Remember the test of the bow near the end of The Odyssey? It was when Penelope, the wandering hero’s long-suffering wife, finally agreed to let one of the suitors marry her if he could string her hubby’s bow and shoot an arrow through twelve axe heads lined up in a row. None of them was man enough to even bend the weapon, but luckily Odysseus himself was there, disguised as a beggar. When it was his turn he not only strung the thing, he proceeded to fire off a quiver of arrows at the bad guys (the first ...

I’m back from my trip to the netherworld (article has gone to bed) and ready to pick up where I left off, which was with a promise to discuss the media consumption habits of ninth graders who are reading Fahrenheit 451. I told you I wanted to look at the book not just as a parable about censorship but also, as Bradbury himself suggests, as a cautionary tale against couch potatoism. So, I asked the students to record their media consumption for one week, and we collated the data in class. The results were interesting, if not scientifically valid. ...

Is there a circle of hell reserved for writers? Cause right now, I’m deep in it. I type this with flames licking my fingers to apologize for the fact that I haven’t posted in a while. Plus I’m midway in my life’s journey and feeling it (sorry, some of my tenth graders are reading the Inferno.) Anyway, here’s the tale of woe. Last summer I had an article accepted at the Washington Post Magazine (that was the good part). In 4000 words I would turn this blog’s predecessor, “Certifiable?”, into a magazine feature chronicling ...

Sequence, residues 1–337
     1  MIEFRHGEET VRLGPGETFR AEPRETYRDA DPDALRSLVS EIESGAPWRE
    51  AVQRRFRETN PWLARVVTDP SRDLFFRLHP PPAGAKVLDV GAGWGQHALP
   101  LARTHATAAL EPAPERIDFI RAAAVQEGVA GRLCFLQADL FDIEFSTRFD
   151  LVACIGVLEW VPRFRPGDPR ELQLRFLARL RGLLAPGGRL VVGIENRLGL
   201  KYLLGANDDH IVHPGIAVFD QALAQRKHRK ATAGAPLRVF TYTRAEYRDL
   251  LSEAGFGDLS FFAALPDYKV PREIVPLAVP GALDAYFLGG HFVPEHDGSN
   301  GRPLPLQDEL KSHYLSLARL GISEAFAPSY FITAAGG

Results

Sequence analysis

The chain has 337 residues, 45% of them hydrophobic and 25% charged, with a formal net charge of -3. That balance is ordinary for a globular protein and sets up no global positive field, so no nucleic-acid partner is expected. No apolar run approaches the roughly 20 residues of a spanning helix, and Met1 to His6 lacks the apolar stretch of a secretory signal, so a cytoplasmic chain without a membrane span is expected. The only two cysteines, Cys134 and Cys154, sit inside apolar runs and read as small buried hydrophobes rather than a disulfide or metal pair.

I’m just starting Ray Bradbury’s Fahrenheit 451 with 9th graders. Eventually, we’re going to do a simulation. The paperwork for an actual book burning was a hassle, so instead we’ll simulate a book challenge hearing, with kids playing various parts including “concerned parent,” school librarian, administrator, etc. (the kids without a set role will be members of the school board, charged with listening to the evidence and writing a decision). Don’t tell the students, but I think the book we’ll put on trial is Harry Potter. For now I want to write about the “anticipatory...

Diane left a comment last post asking for more information about the wikis my 9th graders are using to develop their science papers. (Check out “Workshop of the Gods” and a few previous posts for the nature of the assignment if you’re new here.) I’ll try to flatten this thing into two dimensions in this post; you can’t get to my students’ work because it is based in blackboard, our school system’s online learning system. (I don’t have any great ideas about where to put your own class’s wikis if you want to try ...


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